Then it’s a case of thinking about your last chapter, the chapter you’re ending. Ask yourself: 

  1. What was good in that chapter? What are storylines you’d like to continue as is into your next chapter? 
  2. Which storylines could continue forwards but need a bit of tweaking or adjusting? For example, perhaps you’d like to spend more quality time with your children, have more holidays or laugh more?
  3. What do you want to leave behind in the last chapter? This exercise is a great way to leave behind things that you don’t want to carry forward with you – perhaps worrying about things, not seeing family, uncertainty, or perhaps it’s some of the bad habits you may have had in your last chapter? 
  4. What do you want to bring in that is new? Is there anything you’ve wanted to do or have in your life that you’ve not been able to so far? Perhaps it’s a new hobby or to find a new passion? Maybe it’s to change career? To find a new friend or relationship? 
  5. Is there anything from a previous chapter in your life that you’d like to revisit or bring into your next chapter? Sometimes, as we get older, we lose track of things and let things slip that actually, when we stop and think about it, were important or useful or just fun to have in our lives. This is an opportunity to bring things from the past back into your life. Perhaps it was those date nights with your hubby, or going out for a fun wild night out with friends, or going to concerts?
  6. And finally (and importantly!), your next chapter should also include how you want to FEEL in the next chapter. For example, I’m always putting ‘more fun’, ‘more laughter’ in my next chapters and it’s right to put things like ‘feeling freer’, ‘having more time for me’, ‘more time for cuddles with the kids’.

As you record your answers to these questions you’re going to have a lot of content and it needs to be pulled together under headings so that it makes sense and isn’t just a bullet pointed list of things (that’ll be too much for your mind to take in). 

It’s also important to note that this shouldn’t look like a ‘bucket list’. That isn’t what this is. Yes of course it should be aspirational and inspiring, there should be big things, dreams, and your wishes for your life, absolutely; but also the simple things, the everyday things, the things you want to improve and make a bit better – that which makes your life what it is.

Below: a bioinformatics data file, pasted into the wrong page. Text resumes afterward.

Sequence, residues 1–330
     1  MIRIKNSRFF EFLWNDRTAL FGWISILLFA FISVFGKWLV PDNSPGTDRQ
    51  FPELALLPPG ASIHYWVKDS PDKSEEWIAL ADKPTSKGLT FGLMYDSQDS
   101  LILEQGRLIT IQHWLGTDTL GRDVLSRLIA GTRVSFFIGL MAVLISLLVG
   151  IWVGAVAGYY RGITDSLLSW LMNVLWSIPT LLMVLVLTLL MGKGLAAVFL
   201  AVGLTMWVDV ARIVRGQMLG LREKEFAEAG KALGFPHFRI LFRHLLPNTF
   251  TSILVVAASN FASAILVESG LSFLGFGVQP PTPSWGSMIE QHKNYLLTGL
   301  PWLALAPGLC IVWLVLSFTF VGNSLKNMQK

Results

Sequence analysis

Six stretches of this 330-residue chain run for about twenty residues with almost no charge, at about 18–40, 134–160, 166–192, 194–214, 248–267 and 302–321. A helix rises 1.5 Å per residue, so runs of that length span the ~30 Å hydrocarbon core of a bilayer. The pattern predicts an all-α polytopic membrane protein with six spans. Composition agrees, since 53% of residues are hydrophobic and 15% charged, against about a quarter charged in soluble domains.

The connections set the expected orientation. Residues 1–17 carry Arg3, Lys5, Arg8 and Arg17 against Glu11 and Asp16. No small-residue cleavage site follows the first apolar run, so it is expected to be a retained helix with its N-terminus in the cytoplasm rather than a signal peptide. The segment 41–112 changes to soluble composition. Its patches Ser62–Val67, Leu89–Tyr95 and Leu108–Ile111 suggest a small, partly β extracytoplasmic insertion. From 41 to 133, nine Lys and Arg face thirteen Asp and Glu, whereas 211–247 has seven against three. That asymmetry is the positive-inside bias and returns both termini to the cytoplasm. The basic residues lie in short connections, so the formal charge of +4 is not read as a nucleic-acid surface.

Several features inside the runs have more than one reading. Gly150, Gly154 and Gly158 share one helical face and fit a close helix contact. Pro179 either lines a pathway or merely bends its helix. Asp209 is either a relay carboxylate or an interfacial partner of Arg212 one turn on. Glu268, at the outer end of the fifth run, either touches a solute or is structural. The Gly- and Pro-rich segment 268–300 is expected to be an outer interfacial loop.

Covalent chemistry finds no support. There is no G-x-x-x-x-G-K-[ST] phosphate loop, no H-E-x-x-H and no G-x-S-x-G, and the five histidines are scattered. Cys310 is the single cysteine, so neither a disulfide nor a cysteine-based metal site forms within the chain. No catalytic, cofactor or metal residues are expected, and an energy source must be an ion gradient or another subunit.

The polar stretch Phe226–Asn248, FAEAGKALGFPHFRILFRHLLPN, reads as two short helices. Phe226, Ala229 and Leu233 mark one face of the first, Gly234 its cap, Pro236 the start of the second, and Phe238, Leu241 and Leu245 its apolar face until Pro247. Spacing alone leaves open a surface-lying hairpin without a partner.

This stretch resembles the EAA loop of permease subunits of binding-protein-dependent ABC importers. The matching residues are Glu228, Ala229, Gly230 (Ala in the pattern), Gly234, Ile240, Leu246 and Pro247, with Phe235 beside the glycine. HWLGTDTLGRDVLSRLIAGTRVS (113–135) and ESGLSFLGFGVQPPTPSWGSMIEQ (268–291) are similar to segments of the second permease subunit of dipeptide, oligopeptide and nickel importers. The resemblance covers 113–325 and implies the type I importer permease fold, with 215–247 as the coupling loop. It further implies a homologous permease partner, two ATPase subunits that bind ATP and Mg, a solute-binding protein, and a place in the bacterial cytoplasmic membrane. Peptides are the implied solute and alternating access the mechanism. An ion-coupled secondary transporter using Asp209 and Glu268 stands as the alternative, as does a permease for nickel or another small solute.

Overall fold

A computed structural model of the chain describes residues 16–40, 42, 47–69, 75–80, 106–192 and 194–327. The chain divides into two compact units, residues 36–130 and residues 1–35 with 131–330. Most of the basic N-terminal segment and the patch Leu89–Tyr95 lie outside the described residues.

When you have something that is looking like your next chapter, then comes the ‘creation’ part of this. 

  1. Read it to yourself – Each night, before you go to bed, read your next chapter. This shouldn’t be a difficult or onerous task, this should be exciting and inspiring, and it’s a wonderful way to go off to sleep. Do this for two months, and this then gets into your sub-conscious, it programmes your brain so that it looks for opportunities as they arise to put into action all that you’ve put in your next chapter. 
  2. Share it with another – Dare to share it with your partner, your best friend. By doing so you are daring to express how you’d like your life to be and, no, it isn’t a self-indulgent of narcissistic thing to do. Having been privileged enough to have heard other people’s next chapters, I can tell you there’s nothing more beautiful than hearing someone else’s next chapter, it’s very inspiring.
  3. Start making it happen – Choose three things from your next chapter that you’re actively going to start exploring or taking first steps towards making happen. The first step is often the hardest, and by starting to make it happen you make it much more likely for more to come to fruition as a result. 

Now I HOPE that this has all made sense, and the steps are easy to follow. I really would encourage you to give this exercise a go. I have found it truly transformatory for me over the years, perhaps one of the most powerful exercises I have ever done. 

It also reminds us at the deepest level of something that is incredibly important:

WE AND WE ALONE ARE THE AUTHORS OF THE STORY OF OUR OWN LIVES. 

That is such an empowering statement, and as you start to collate the evidence that it is true, and truly believe it, it is a life-changing statement. 

Please use this Meta blog as an excuse, a prompt if you will, to dare to write your next chapter, and see what happens for you. 

I promise you, you’ll be so glad you did and before you know it you’ll be living out that ‘next chapter’ you have created, for real! 

Wishing you all a wonderful next chapter, 

In peace and love

Jo xx

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BEING GROWN UPS AT WORK